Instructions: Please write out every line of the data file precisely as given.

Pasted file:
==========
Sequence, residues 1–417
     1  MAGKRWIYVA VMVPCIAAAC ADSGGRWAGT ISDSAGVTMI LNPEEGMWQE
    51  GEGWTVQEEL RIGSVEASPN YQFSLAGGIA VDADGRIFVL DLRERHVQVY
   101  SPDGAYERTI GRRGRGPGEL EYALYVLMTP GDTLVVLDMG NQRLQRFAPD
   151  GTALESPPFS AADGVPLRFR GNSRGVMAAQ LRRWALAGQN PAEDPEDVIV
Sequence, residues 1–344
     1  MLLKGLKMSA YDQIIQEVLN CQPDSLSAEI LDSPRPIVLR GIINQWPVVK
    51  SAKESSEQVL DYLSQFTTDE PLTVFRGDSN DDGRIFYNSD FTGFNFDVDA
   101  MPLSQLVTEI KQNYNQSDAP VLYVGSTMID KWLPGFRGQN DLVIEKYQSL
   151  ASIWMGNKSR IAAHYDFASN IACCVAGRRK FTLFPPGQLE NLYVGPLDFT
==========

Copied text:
Sequence, residues 1–417
     1  MAGKRWIYVA VMVPCIAAAC ADSGGRWAGT ISDSAGVTMI LNPEEGMWQE
    51  GEGWTVQEEL RIGSVEASPN YQFSLAGGIA VDADGRIFVL DLRERHVQVY
   101  SPDGAYERTI GRRGRGPGEL EYALYVLMTP GDTLVVLDMG NQRLQRFAPD
   151  GTALESPPFS AADGVPLRFR GNSRGVMAAQ LRRWALAGQN PAEDPEDVIV
Sequence, residues 1–344
     1  MLLKGLKMSA YDQIIQEVLN CQPDSLSAEI LDSPRPIVLR GIINQWPVVK
    51  SAKESSEQVL DYLSQFTTDE PLTVFRGDSN DDGRIFYNSD FTGFNFDVDA
   101  MPLSQLVTEI KQNYNQSDAP VLYVGSTMID KWLPGFRGQN DLVIEKYQSL
   151  ASIWMGNKSR IAAHYDFASN IACCVAGRRK FTLFPPGQLE NLYVGPLDFT